Do the Tektro get around a 32 tire with the quick release?
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  13. #13
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    Quote Originally Posted by SantaCruz View Post
    This statement is not true.
    Checked Surly and Soma who both offer roadies, rim brakes and wide tire clearance. Without checking, I'm sure there are many, many others. But not light, by today's standards in CF race bikes.

    Interesting. Soma looks like they make some retro frames.
    "With bicycles in particular, you need to separate between what's merely true and what's important."-- DCGriz, RBR.

    “Statistics are like bikinis. What they reveal is suggestive, but what they conceal is vital.” -- Aaron Levenstein



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    There are tons of these. Look at every single bike in Paris Roubaix. BMC Gran Fondo. Specialized Roubaix. Felt F-1 (good luck finding one though). Trek Domane. Focus Paralane. Cannondale Synapse.

    I have a 61cm BMC Gran Fondo 105 with disk brakes (my gravel racer) and it weighs 20 lbs set up to ride paved roads, not exactly heavy. And it's aluminum. And it fits 40mm tires.
    I like to ride fast.

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    bdm
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    Hey, thanks everyone for the suggestions. Looking forward to checking out the possibilities. (And, as for the brakes, hate is too strong a word...I just have a personal preference for caliper brakes.)

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    Quote Originally Posted by duriel View Post
    Who is Paul?
    Do the Tektro get around a 32 tire with the quick release?
    Paul Component Engineering . Expensive parts, but very high quality. Small company

    The tektro 559 fit around 32's with fenders on my Salsa Casserole. I also decided to convert an old frame to 650B this year. Wanted to do it on the cheap, so used these brakes to get the reach. Not the best brakes in the world, but more than adequate here in the flatlands

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    Too old to ride plastic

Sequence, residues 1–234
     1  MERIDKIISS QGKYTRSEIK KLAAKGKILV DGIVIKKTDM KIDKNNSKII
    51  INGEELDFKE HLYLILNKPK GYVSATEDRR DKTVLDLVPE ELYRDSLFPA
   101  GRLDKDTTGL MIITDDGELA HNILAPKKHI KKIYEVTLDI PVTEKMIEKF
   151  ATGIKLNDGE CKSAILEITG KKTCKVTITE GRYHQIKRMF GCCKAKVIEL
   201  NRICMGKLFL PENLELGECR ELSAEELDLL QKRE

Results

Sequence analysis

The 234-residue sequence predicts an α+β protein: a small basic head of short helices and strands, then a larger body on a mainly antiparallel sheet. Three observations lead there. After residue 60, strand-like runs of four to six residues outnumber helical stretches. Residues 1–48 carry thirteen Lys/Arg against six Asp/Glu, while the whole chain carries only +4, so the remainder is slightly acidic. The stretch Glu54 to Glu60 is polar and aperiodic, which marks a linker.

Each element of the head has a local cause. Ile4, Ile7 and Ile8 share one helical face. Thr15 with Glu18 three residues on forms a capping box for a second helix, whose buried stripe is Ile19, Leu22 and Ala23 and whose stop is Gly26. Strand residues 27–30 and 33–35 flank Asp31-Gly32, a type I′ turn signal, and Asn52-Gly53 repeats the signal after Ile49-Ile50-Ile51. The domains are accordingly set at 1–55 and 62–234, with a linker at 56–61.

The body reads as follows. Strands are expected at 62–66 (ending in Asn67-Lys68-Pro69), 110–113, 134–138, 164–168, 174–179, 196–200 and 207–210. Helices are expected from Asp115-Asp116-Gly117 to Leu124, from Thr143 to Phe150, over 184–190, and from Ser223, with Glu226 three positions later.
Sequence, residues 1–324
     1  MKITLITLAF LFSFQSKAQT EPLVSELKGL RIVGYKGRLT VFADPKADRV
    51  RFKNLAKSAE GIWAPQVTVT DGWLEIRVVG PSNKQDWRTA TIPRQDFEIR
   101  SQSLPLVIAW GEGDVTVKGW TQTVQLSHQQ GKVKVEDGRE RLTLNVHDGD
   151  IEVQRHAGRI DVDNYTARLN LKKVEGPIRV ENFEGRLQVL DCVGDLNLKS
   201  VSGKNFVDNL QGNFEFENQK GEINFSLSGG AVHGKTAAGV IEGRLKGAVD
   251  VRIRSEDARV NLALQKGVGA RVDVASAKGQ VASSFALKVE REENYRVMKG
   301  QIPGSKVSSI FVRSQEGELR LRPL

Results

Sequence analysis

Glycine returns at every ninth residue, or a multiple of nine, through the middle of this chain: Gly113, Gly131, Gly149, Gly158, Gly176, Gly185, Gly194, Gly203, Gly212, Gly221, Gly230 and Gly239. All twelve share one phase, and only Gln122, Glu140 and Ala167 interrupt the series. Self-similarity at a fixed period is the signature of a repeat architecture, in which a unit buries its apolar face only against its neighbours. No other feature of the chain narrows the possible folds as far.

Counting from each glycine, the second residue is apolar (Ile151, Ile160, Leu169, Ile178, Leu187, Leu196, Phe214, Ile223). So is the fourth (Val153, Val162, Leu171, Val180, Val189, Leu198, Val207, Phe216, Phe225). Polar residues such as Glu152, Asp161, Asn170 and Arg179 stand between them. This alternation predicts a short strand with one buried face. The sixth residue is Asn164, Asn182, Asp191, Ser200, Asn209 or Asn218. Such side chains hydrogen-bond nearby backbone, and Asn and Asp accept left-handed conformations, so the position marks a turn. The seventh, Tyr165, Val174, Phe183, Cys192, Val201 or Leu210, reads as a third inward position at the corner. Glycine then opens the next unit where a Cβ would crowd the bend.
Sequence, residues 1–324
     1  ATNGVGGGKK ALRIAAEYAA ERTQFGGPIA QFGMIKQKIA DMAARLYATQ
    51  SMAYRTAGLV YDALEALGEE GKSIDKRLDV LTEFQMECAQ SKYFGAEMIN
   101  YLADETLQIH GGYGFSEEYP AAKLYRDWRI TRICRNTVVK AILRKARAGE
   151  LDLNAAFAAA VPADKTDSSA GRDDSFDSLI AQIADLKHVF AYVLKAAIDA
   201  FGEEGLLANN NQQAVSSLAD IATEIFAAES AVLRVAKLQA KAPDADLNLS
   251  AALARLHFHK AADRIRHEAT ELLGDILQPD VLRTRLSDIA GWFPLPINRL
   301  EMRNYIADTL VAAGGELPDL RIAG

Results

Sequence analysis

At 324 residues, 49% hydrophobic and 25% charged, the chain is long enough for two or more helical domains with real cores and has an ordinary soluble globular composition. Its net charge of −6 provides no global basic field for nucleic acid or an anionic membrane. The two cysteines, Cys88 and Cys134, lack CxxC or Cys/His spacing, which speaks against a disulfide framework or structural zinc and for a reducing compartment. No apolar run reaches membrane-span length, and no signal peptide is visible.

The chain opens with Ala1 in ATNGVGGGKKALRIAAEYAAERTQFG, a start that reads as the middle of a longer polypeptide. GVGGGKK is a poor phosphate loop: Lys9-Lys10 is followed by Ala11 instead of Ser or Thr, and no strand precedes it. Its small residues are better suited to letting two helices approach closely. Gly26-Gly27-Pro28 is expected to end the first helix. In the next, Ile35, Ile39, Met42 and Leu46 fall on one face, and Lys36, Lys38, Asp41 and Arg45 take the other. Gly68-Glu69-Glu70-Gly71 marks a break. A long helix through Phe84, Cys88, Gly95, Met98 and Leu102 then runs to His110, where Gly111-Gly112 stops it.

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    Quote Originally Posted by Herbie View Post
    Actually there are a few choices

    Canti. Which have been mentioned
    Center pull. See Paul Components for the high end
    Tektro extra long reach. I have these on two bikes.
    Here's another good option: https://store.velo-orange.com/index....akes-noir.html

    Plenty of room to spare with 32mm tires.

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    Quote Originally Posted by Jay Strongbow View Post
    Here's another good option: https://store.velo-orange.com/index....akes-noir.html

    Plenty of room to spare with 32mm tires.
    There are also ton's of Mafac brakes out there to be had, which will easily handle 32mm tires. I put a set on my wives bike that I converted from 27" to 700c and mounted 32mm tires and had room to spare. probably room for 35mm tires.

    https://www.ebay.com/sch/i.html?_odk...r&_sacat=57262

    Or a set of Compass center pulls, or Mafac Raids, and have room for 42mm tires and fenders. or larger tires with no fenders.

    https://www.compasscycle.com/shop/co...backing-plate/

    Etriers de freins velo Mafac Raid.1970's brake calipers. Randonneuse. 650B.
    Too old to ride plastic

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    Quote Originally Posted by factory feel View Post
    Nice!!! lol

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    Canyon Endurace

    Quote Originally Posted by bdm View Post
    I'm looking for light road bike frames that can accommodate 700 x 32 tires. I want a bike I can use to get around town that's also decent on climbing rides. I bought a cyclocross bike thinking it might do the trick, but I hate the disk brakes. (And it's really heavy.) I read somewhere that Rivendell bikes might work. Any other suggestions? Thanks.
    In case you’re still looking, the Canyon Endurace road disc bike accepts 32c tires.

  23. #23
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    Quote Originally Posted by mikivuckovich View Post
    In case you’re still looking, the Canyon Endurace road disc bike accepts 32c tires.
    It's been almost 2 years and pretty much every disc brake road bike now takes 32mm or larger tires...I kinda doubt he's still looking.
    I work for some bike racers
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  24. #24
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    I think he was looking for a non-disc brake bike that takes 32mm tires. I don't think one exists anymore.
    "With bicycles in particular, you need to separate between what's merely true and what's important."-- DCGriz, RBR.

    “Statistics are like bikinis. What they reveal is suggestive, but what they conceal is vital.” -- Aaron Levenstein



  25. #25
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    Accepting disc brakes will really make this a lot easier. Pretty much any endurance road bike (many of which manufacturers will happily sell you as a frame) will accept 32mm tires. For example, my '19 Defy Advanced Pro 0 can actually fit 35s (despite it being advertised as only fitting 32s) with some room to spare. Another huge set of options are gravel bikes. Everyone is making these with a wide variety of geometries and niches they're trying to hit. The less adventure-y gravel bikes like the Checkpoint can easily keep up on a group road ride and can fit massive tires. The new Salsa Warroad might be right up your alley as well.